Figure 2. PCA analysis of the sensory attributes of honey samples. The number in parenthesis shows variance explained by the principal component.
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Table 1. The detected polyphenols and their derivatives (D) mass-to-charge ratios (m/z).
Table 1. The detected polyphenols and their derivatives (D) mass-to-charge ratios (m/z).
NumberPolyphenol(M-H)-NumberPolyphenol(M-H)-
1Shikimic acid173.0518Salicylic acid137.02
2Gallic acid169.0119Abscisic acid263.13
3Protocatechuic acid153.0220Abscisic acid D1263.13
4Protocatechuic and gentisic acid D1153.0221Abscisic acid D2263.13
5Chlorogenic acid353.0922Abscisic acid D3263.13
6Chlorogenic acid D1353.0923Luteolin285.05
7Catechin289.0824Luteolin and kaempferol D1285.05
84-hydroxybenzoic acid137.0225Quercetin301.03
9Gentisic acid153.0226Cinnamic acid D1147.05
10Caffeic acid179.0327Cinnamic acid D2147.05
11Caffeic acid D1179.0328Apigenin269.05
12Coumaric acid163.0429Naringenin271.07
13Coumaric acid D1163.0430Naringenin D1271.07
14Ferulic acid193.0531Kaempferol285.04
15Ferulic acid D1193.0532Chrysin253.05
16Myricetin317.0333Chrysin D1253.05
17Morin301.0534Galangin269.05
Table 2. Physicochemical parameters and antioxidant activity of honey samples. HMF—hydroxymethylfurfural, F/G—fructose/glucose ratio, TPC—total phenolic content, TFC—total flavonoids content, ACW—water-soluble antioxidants, ACL—lipid-soluble antioxidants, L*—lightness/darkness, a*—greenness/redness, b*—blueness/yellowness.
Table 2. Physicochemical parameters and antioxidant activity of honey samples. HMF—hydroxymethylfurfural, F/G—fructose/glucose ratio, TPC—total phenolic content, TFC—total flavonoids content, ACW—water-soluble antioxidants, ACL—lipid-soluble antioxidants, L*—lightness/darkness, a*—greenness/redness, b*—blueness/yellowness.
Sample Electrical Conductivity (mS cm−1)Moisture (%)Invertase Activity (U kg−1)Free Acidity (mmol kg−1)Diastase (Schade Unit)HMF (mg kg−1)Fructose (g 100 g−1)Glucose (g 100 g−1)F/GTPC (mg GAE 100 g−1)TFC (mg QE 100 g−1)ACW (mg AAE 100 g−1)ACL (mg TE 100 g−1)L*a*b*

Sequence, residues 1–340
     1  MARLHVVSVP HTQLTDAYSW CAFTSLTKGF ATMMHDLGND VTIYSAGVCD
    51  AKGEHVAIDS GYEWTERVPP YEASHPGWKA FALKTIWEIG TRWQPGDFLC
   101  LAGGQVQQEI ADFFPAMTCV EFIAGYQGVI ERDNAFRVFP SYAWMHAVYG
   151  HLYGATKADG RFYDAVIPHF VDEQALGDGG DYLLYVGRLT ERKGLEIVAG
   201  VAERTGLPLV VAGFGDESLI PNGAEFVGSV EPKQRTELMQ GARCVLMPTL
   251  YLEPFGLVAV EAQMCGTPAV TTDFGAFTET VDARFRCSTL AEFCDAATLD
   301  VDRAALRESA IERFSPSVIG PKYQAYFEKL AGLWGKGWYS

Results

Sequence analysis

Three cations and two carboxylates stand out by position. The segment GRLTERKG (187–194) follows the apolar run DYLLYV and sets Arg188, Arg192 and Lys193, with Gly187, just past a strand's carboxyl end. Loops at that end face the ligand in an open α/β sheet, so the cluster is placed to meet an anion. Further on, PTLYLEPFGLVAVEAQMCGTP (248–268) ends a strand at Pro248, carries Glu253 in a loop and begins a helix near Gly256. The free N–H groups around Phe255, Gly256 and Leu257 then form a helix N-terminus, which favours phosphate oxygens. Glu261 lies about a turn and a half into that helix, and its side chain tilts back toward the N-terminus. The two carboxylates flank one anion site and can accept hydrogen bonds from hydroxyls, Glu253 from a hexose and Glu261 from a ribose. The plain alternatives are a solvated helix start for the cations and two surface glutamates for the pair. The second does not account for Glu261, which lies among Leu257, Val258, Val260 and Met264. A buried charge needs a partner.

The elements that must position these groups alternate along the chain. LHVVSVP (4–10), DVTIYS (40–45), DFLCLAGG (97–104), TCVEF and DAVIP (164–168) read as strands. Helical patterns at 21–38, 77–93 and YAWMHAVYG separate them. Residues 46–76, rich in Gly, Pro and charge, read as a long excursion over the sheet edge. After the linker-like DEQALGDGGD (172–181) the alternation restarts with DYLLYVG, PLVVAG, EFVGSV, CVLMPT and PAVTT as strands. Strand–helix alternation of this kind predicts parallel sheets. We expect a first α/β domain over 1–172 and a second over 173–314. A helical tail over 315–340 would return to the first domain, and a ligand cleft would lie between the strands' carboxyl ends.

10.518.2188.017.032.23.738.035.71.137.53.084.523.985.4−0.343.4
20.419.8126.040.033.86.836.534.81.153.63.4118.431.272.85.844.0
30.316.8133.020.029.28.438.133.11.238.33.265.120.184.91.338.6
40.620.0206.035.048.66.137.832.11.253.93.555.517.382.32.342.3
50.320.0124.018.022.05.037.337.81.028.32.537.818.488.1−1.726.7
60.415.6132.021.026.07.239.234.01.241.13.156.020.184.30.339.2
70.419.1167.026.034.48.238.535.41.150.44.3200.440.778.46.248.9
80.218.0199.025.040.86.939.836.21.128.81.981.416.588.4−1.129.1
90.319.550.638.019.619.536.835.61.034.83.366.516.985.6−0.731.6
100.220.3118.016.021.66.038.736.41.127.93.177.017.288.6−1.627.5
110.219.8114.022.026.311.536.535.31.030.93.196.820.585.4−0.133.5
120.318.393.520.022.58.939.236.91.135.22.884.818.286.6−0.636.2
130.316.463.918.021.111.838.335.51.129.82.178.418.188.0−1.430.9
140.520.4168.025.024.65.038.433.01.249.03.9140.631.583.51.651.8
150.419.1153.027.030.96.537.832.91.148.43.2135.327.083.82.743.5
160.217.482.812.017.79.138.835.41.126.22.469.219.490.4−1.129.6
170.720.4114.039.058.87.839.731.61.388.76.4245.360.765.39.137.8
180.218.574.121.025.69.239.537.01.133.73.587.020.784.40.335.8
190.319.3119.023.024.97.237.536.81.040.33.3113.921.485.42.044.4
200.417.6184.016.028.15.638.434.21.138.73.087.517.886.30.440.6
210.717.8182.023.022.59.438.530.21.352.64.3105.922.881.23.046.5
220.518.2102.020.015.45.141.129.21.440.23.885.714.485.50.640.8
230.815.6168.014.021.16.541.529.91.446.44.282.016.683.51.946.6
240.719.9172.031.039.19.244.537.41.250.75.7176.931.982.83.847.6
250.320.7145.023.026.48.446.437.91.235.62.8105.425.287.1−0.236.9
260.320.9124.017.016.05.944.939.71.130.82.4138.327.786.20.634.9
270.320.0189.021.025.47.845.936.91.234.72.796.622.886.70.136.1
280.518.350.443.035.55.937.632.61.268.65.3299.332.576.812.560.3
290.518.9231.035.036.210.037.432.61.156.54.9311.237.076.712.358.7
300.219.2228.023.037.13.540.738.81.026.82.673.717.188.3−1.225.6
Average0.418.8140.024.328.87.739.434.81.141.93.5115.224.283.71.939.6
SD0.21.449.88.29.73.02.72.70.113.81.067.99.65.33.88.8
Min.0.215.650.412.015.43.536.529.21.026.21.937.814.465.3−1.725.6
Max.0.820.9231.043.058.819.546.439.71.488.76.4311.260.790.412.560.3
Table 3. Calculated correlations. EC—electrical conductivity, M—moisture, IA—invertase activity, FA—free acidity, D—diastase, HMF—hydroxymethylfurfural, F/G—fructose/glucose ratio, TPC—total polyphenol content, TFC—total flavonoids content, ACW—water-soluble antioxidants, ACL—lipid-soluble antioxidants, AA—amino acids, L*—lightness/darkness, a*—greenness/redness, b*—blueness/yellowness.